Blog State Budget

NYS Revenues in a Recession

Quantifying the Potential Shortfall

March 19, 2019

New York State revenue weakness already looms over the fiscal year 2020 budget negotiations. Thirty days after Governor Andrew Cuomo released the Executive Budget he announced that current-year personal income tax collections would be $2.6 billion lower than projected.1 This shortfall may portend worse times to come. The impact from a potential recession could be substantial, totaling between $22 billion and $44 billion below projections over three years. The fiscal year 2022 budget gap could grow from $490 million to an astounding $15 billion. To mitigate the impact of a potential downturn, New York will have an estimated $2.5 billion in its rainy day fund at the end of fiscal year 2020, an amount that is inadequate to forestall cuts to local aid, harmful service reductions, and tax increases.2 Final agreement on the Adopted Budget for Fiscal Year 2020 should constrain spending growth and make additional deposits to rainy day funds.

The Economic Climate is Uncertain

There is a growing consensus that the nine-year economic expansion is slowing and the risk of a national recession is increasing.3 Since the Fiscal Year 2019 Executive Budget, the New York State Division of the Budget decreased forecasts for calendar year 2019 New York State personal income growth from 4.9 percent to 4.0 percent and for capital gains from 7.8 percent growth to a 5.2 percent decline–significant revisions that indicate a slowing economy.4 Out-year growth rates also were decreased.

The State is Very Reliant on High-Income Earners with Volatile Incomes

New York State collects approximately $19 billion in personal income tax (PIT) revenues annually from the top 1 percent of personal income tax filers. This equals almost one-fifth of the State operating budget.5 These revenues are extremely volatile; between 12 percent and 29 percent are from capital gains.6 Recent capital gains income swings range from a $24.2 billion or 32.2 percent increase in 2014 to a $20.6 billion or 21.5 percent decrease in 2016. Every billion dollars of capital gains translates to $83 million in State tax revenues; the 2016 capital gains decrease reduced PIT collections by $1.7 billion.7 During the Great Recession, capital gains income decreased from a peak of $118 billion in 2007 to $34 billion in 2009–a decline of $84 billion, which would equate to a $7.0 billion decline in personal income tax liability today.8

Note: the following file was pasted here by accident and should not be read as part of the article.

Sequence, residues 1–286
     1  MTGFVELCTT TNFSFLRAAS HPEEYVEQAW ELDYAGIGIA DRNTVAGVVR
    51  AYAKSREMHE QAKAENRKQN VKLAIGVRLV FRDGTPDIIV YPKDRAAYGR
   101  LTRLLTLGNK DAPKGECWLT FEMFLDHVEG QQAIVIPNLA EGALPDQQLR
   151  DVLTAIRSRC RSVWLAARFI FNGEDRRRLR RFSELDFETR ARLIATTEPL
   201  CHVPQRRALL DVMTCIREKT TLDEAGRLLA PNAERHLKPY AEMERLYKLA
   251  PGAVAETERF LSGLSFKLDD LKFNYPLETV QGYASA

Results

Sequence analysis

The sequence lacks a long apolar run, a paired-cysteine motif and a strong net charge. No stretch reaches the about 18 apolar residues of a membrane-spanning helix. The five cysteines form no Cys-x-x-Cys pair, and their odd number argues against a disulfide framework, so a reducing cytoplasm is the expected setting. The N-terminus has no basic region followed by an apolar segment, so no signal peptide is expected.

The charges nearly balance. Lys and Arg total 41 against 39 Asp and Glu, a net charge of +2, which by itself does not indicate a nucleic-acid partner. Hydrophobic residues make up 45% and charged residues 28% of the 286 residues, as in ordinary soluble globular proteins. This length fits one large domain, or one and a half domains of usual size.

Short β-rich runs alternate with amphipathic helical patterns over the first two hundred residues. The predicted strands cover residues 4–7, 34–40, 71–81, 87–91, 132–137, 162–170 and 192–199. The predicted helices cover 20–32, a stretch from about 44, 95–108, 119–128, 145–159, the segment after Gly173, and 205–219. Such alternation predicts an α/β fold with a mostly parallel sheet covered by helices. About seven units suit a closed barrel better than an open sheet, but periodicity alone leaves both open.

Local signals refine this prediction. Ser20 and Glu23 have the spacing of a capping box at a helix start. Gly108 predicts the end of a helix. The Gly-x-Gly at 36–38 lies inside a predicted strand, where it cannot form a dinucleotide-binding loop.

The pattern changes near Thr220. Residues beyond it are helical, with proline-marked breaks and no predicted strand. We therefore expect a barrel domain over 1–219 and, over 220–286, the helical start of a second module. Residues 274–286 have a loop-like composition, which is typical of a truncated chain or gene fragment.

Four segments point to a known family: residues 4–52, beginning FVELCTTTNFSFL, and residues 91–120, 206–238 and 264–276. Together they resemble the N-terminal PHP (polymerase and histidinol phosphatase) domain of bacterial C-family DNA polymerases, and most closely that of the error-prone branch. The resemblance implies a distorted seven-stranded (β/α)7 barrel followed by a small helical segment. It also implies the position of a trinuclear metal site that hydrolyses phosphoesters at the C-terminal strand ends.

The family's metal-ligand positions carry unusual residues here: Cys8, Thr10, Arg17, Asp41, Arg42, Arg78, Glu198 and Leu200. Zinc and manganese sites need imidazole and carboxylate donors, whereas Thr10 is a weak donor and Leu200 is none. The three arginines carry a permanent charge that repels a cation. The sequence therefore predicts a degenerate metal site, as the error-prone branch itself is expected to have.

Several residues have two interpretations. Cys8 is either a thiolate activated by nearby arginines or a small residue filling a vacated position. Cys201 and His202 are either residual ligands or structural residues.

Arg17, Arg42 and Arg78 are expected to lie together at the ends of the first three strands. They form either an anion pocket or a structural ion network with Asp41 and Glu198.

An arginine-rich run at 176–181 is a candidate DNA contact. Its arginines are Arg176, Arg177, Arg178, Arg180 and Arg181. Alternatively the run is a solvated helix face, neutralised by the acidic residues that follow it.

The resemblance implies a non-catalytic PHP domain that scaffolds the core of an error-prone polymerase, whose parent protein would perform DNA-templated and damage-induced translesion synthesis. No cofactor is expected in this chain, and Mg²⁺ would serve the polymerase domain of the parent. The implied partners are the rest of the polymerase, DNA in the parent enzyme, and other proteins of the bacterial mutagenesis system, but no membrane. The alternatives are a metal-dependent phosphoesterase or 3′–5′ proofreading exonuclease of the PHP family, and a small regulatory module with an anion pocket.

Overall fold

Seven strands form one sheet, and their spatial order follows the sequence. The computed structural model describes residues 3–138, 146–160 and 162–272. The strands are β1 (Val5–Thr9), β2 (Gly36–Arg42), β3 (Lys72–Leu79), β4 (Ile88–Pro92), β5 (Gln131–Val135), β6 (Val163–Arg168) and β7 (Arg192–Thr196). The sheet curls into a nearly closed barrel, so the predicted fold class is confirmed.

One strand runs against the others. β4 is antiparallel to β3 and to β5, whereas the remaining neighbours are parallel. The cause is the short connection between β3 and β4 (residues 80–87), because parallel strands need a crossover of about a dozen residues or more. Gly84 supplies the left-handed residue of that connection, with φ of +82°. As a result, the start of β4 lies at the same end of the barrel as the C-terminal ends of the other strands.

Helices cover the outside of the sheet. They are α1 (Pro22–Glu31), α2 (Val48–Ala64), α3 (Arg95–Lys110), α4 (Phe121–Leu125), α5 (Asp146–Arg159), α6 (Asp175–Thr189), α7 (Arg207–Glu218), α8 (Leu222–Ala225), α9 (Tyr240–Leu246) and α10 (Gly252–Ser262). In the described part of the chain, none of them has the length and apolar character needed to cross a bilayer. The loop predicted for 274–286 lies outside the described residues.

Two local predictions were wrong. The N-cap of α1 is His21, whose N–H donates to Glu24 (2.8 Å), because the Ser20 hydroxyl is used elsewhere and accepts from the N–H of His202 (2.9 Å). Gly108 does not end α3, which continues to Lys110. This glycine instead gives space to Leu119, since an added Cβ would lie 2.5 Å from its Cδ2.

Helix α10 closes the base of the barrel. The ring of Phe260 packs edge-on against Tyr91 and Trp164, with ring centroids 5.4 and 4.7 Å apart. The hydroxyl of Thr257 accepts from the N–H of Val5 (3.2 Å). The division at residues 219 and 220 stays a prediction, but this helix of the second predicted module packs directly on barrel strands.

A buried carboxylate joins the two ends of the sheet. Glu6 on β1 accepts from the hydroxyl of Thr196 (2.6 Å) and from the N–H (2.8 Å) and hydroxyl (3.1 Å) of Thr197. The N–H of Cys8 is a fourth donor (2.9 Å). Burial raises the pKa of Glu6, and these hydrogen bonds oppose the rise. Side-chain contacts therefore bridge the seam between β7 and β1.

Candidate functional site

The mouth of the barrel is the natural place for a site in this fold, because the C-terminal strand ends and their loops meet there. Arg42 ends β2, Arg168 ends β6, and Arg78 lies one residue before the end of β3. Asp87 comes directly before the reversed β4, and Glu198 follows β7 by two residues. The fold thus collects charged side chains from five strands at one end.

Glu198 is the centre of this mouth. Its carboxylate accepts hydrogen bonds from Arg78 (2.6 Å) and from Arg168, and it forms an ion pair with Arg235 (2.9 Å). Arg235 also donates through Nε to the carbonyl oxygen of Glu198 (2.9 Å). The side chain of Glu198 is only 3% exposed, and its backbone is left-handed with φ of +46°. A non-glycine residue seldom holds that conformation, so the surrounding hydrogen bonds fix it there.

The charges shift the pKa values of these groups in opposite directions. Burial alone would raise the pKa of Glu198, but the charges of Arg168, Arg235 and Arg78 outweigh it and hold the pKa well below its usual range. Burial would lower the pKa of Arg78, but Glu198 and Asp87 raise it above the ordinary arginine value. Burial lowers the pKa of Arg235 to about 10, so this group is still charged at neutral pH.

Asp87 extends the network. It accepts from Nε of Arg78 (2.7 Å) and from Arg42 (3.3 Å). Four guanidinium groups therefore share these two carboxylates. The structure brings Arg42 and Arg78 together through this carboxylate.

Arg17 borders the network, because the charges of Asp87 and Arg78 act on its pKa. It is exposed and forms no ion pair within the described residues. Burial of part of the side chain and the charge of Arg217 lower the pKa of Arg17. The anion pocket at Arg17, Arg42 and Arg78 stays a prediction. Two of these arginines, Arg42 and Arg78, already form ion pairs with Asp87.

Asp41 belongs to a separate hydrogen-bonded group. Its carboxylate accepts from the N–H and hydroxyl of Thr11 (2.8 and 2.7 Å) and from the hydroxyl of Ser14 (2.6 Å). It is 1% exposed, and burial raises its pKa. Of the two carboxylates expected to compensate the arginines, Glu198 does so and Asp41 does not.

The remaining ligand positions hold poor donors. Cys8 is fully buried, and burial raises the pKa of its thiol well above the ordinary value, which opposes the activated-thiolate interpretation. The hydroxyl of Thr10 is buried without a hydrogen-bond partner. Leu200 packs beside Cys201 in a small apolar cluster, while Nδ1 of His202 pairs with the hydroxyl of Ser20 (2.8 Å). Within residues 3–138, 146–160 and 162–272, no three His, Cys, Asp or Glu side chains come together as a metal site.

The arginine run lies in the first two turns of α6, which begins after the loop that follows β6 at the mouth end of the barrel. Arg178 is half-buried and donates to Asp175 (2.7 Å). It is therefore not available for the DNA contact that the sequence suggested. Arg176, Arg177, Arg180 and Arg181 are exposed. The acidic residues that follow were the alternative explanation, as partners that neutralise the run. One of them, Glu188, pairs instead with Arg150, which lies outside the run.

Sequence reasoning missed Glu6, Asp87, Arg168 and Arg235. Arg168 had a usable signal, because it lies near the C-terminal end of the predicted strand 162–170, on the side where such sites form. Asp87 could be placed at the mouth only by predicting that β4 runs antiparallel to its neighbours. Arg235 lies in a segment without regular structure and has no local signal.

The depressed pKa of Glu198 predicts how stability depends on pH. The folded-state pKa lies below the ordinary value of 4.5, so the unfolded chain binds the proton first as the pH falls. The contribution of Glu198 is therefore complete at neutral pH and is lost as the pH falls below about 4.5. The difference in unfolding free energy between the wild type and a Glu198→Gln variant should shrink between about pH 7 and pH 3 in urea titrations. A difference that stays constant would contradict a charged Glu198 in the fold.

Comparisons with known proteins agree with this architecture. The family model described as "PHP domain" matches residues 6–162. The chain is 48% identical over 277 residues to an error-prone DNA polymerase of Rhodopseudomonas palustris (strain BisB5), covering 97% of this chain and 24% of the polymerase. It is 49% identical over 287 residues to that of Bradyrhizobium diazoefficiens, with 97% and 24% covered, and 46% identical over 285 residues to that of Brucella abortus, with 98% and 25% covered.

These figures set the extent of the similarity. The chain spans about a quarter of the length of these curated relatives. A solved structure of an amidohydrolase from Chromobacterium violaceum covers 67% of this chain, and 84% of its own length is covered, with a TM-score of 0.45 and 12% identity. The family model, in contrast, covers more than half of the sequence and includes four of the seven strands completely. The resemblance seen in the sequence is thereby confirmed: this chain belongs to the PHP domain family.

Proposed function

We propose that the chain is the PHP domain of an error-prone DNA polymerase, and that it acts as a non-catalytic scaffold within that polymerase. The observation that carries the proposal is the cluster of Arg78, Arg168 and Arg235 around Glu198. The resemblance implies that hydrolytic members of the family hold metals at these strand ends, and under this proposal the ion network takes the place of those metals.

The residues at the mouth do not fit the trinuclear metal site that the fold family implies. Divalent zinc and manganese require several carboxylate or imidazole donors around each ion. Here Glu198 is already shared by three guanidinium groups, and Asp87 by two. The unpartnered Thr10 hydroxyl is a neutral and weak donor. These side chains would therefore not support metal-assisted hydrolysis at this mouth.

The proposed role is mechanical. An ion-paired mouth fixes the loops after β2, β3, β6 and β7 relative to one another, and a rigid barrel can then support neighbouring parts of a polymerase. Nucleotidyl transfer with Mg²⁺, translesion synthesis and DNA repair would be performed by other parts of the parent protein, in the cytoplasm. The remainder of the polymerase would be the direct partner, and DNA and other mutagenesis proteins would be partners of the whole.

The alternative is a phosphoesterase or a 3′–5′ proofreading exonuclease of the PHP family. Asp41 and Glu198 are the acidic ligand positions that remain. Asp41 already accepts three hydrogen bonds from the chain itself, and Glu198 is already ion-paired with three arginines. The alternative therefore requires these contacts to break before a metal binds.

This volatility affected the forecast for State tax collections. Between release of the Executive Budget on January 15  and the 30-day amendments released on February 15, the State decreased the personal income tax revenue forecast for fiscal year 2019 by $2.6 billion and decreased the fiscal year 2020 forecast by $1.2 billion. It is important to note these are reductions of forecasted growth; even after these changes, taxes are projected to grow from $73.6 billion to $90.9 billion from fiscal years 2019 to 2023, an average annual growth rate of 5.4 percent.

The Fiscal Risk is Significant

Revenue volatility produces stark results during recessions. During the last three recessions, tax revenue (adjusted for policy changes) declined an average of 3.7 percent in the fiscal year in which the recession began and 6.4 percent in the subsequent year. By the third year, tax revenues rebounded and grew by 4.7 percent on average.9

Applying these trends to a hypothetical recession beginning in fiscal year 2021 would result in three-year cumulative tax revenue shortfalls of $34.1 billion. (See Figure 1.) In the first year, State tax revenues would fall $5.3 billion below the financial plan, a year-over-year decline of about $3.0 billion. The tax revenue shortfall would be even more substantial in the second year, with revenues $14.3 billion below projections. Even with revenue growth resuming in the third year, the shortfall would still be $14.4 billion below current estimates. (See Figure 1.)

Figure 1: Potential NYS Tax Revenue Shortfall from Recession

Such a dramatic effect on revenues would also widen future budget gaps. The Executive Budget projects budget gaps of $2.0 billion and $0.5 billion in fiscal years 2021 and 2022, turning to a surplus of $0.7 billion in fiscal year 2023. These gaps would be greater if not for projected savings from keeping state operating spending growth to 2 percent. Assuming the average scenario of the last three recessions, gaps would reach $7.4 billion, $14.8 billion, and $13.7 billion respectively. Cumulative gaps over three years would average $35.8 billion.

Figure 2: Potential NYS Out-Year Budget Surplus/(Gaps)

Current Reserves are Inadequate